When my wife and I moved to Oklahoma several years ago we were told a couple things about the weather that we were cautioned to keep in mind. The first, regarding tornados, was obvious and we soon followed through on getting an underground storm shelter installed on our property. The second was something we didn’t expect, which was that Oklahoma, apparently, doesn’t get a lot of snow in the winter but can get a lot of ice. I don’t know if we objectively get more or less ice than, say, Nebraska, Minnesota, Wisconsin, or Kansas, but I certainly can confirm we get far less snow. Nonetheless, when we do get ice storms here they tend to be pretty bad and such was the case, or so we thought, on a chilly weekend in January when Winter Storm Jupiter made its way slowly across the midwestern plains.
Though the weather conditions didn’t quite materialize how meteorologists were predicting, we did get a fair amount of ice here in town and when my kids and I woke up on Saturday morning (I like to let my wife sleep in on the weekends) we saw that the whole world outside was covered in a thin sheet of frozen water that glistened in the morning sunlight. I quickly grabbed my camera and walked around the yard for about five minutes attempting to take a few shots before things started to melt, and came back with a few dozen pictures of branches, leaves, icicles dangling from fences, and crepe myrtle buds like what you see in this week’s picture above. I shot most of the pictures with my +4 filter at f/4 or smaller in order to get things as sharp as they could be, and this one was my favorite of the bunch.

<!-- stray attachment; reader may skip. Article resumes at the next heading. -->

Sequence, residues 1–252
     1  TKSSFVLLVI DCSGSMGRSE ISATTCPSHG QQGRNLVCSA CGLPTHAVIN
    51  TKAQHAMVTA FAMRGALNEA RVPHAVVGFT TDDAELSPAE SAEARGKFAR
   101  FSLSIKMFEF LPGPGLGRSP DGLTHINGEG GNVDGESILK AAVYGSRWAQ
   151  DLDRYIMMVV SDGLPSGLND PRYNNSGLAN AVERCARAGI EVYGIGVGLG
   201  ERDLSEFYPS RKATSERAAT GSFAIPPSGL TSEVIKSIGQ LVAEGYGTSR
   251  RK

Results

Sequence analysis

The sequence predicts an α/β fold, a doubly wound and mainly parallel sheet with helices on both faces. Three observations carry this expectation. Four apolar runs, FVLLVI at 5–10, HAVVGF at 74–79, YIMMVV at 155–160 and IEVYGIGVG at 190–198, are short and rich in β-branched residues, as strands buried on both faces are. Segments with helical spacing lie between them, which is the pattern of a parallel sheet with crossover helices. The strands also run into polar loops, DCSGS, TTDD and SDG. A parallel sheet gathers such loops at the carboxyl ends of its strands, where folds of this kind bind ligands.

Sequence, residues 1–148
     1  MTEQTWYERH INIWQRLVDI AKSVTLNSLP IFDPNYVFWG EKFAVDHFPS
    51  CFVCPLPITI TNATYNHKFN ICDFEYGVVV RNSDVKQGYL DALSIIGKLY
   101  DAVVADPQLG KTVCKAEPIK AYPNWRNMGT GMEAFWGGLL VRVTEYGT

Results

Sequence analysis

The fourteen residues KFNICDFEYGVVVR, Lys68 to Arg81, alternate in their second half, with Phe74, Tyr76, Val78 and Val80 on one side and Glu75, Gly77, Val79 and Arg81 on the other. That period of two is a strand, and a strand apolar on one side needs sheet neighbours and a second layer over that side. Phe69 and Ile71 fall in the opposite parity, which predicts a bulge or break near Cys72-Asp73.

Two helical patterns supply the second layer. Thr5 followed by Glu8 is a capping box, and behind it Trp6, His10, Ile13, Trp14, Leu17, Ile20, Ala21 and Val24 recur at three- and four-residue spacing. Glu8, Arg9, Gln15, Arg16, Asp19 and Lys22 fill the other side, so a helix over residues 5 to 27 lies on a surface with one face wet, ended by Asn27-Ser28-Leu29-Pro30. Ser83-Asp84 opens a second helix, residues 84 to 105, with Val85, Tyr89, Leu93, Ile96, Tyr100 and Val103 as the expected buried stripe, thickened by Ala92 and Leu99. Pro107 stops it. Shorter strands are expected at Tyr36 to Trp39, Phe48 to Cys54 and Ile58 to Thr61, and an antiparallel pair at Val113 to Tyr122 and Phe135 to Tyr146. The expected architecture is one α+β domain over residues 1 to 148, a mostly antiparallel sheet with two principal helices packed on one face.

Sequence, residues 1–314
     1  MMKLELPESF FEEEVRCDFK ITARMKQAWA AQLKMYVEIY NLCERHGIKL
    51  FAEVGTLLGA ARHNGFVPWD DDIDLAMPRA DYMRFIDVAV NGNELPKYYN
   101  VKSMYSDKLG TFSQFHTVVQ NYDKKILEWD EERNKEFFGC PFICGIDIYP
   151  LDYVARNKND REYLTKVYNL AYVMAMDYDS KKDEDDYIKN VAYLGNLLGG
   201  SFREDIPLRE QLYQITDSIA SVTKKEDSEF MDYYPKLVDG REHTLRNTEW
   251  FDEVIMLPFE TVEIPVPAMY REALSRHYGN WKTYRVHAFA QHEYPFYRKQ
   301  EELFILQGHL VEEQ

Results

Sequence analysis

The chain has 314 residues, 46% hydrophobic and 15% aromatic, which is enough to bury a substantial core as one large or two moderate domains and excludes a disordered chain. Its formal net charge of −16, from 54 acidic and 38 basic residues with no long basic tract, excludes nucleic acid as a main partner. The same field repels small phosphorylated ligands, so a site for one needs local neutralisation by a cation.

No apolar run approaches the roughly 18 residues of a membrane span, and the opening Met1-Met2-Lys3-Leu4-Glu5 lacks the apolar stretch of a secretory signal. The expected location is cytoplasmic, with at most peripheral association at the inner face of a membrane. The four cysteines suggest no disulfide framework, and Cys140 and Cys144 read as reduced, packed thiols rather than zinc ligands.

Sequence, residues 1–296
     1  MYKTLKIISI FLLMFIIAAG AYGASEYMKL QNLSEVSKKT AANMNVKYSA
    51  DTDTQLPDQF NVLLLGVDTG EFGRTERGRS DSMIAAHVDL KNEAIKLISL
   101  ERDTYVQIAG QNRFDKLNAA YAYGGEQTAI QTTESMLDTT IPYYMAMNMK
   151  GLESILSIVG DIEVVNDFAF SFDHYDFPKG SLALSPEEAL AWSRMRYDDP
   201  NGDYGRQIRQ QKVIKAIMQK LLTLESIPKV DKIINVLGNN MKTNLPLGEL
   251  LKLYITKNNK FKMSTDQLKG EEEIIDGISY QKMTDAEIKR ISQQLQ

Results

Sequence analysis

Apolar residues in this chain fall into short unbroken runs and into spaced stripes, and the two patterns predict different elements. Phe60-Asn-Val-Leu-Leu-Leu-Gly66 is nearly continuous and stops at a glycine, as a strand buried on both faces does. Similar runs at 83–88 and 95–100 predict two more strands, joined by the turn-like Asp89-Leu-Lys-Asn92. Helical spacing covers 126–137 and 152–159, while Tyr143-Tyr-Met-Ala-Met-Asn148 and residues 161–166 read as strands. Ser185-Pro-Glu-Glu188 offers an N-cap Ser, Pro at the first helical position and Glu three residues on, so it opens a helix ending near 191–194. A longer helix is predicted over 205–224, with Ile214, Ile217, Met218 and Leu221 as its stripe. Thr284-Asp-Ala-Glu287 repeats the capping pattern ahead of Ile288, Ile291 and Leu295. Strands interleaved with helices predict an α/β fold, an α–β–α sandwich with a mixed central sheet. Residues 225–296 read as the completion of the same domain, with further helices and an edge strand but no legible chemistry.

This picture could also be seen as some kind of tangible evidence of my own progression as a photographer. The last time I remember having the opportunity to take pictures on the morning after an ice storm I made an image called Winter Berries that I posted to Weekly Fifty. I like the colors of that photo but looking back on it I think it’s far too cluttered, with a depth of field that is way too shallow given the foreground elements, and generally leaves the viewer with a sense of relative confusion. This week’s image, by comparison, is much more focused with a cleaner overall composition, and the viewer’s eye is specifically directed to just one or two elements. Now of course all this is a matter of personal taste and some might prefer the original over this one, but in my opinion this week’s image shows how my approach to photography has changed over the years and is, to be honest, much better than it used to be. And I’m sure a couple years from now I’ll look back at this picture and shake my head, wondering just what in the world I was thinking. But that’s good! And if it weren’t for the early steps we would never have the later ones.
Incidentally, this post comes almost exactly four years after I started Weekly Fifty. It sure has been a fun ride, and I want all of you to know how much I appreciate you taking time out of your days to read these posts, listen to the commentary, and even leave feedback. You are all part of why this blog is so special to me, and I hope it has helped you learn and grow as photographers too. Thank you, and I’m excited for what the next four years (and many more) have in store.
Here’s to the journey, folks :)